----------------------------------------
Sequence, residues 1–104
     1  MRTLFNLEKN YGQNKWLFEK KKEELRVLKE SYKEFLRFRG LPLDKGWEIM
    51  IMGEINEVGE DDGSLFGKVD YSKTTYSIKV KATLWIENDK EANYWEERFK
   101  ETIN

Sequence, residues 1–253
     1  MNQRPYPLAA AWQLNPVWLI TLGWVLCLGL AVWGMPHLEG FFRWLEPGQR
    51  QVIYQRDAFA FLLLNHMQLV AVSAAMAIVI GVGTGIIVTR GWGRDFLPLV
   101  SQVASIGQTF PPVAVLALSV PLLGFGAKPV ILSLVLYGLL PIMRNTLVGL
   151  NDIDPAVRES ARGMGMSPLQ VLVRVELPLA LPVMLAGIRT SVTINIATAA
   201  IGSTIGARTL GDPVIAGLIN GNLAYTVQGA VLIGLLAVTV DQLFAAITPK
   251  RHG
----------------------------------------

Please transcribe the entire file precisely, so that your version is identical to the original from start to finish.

Sequence, residues 1–104
     1  MRTLFNLEKN YGQNKWLFEK KKEELRVLKE SYKEFLRFRG LPLDKGWEIM
    51  IMGEINEVGE DDGSLFGKVD YSKTTYSIKV KATLWIENDK EANYWEERFK
   101  ETIN

Sequence, residues 1–253
     1  MNQRPYPLAA AWQLNPVWLI TLGWVLCLGL AVWGMPHLEG FFRWLEPGQR
    51  QVIYQRDAFA FLLLNHMQLV AVSAAMAIVI GVGTGIIVTR GWGRDFLPLV
   101  SQVASIGQTF PPVAVLALSV PLLGFGAKPV ILSLVLYGLL PIMRNTLVGL
   151  NDIDPAVRES ARGMGMSPLQ VLVRVELPLA LPVMLAGIRT SVTINIATAA
   201  IGSTIGARTL GDPVIAGLIN GNLAYTVQGA VLIGLLAVTV DQLFAAITPK
   251  RHG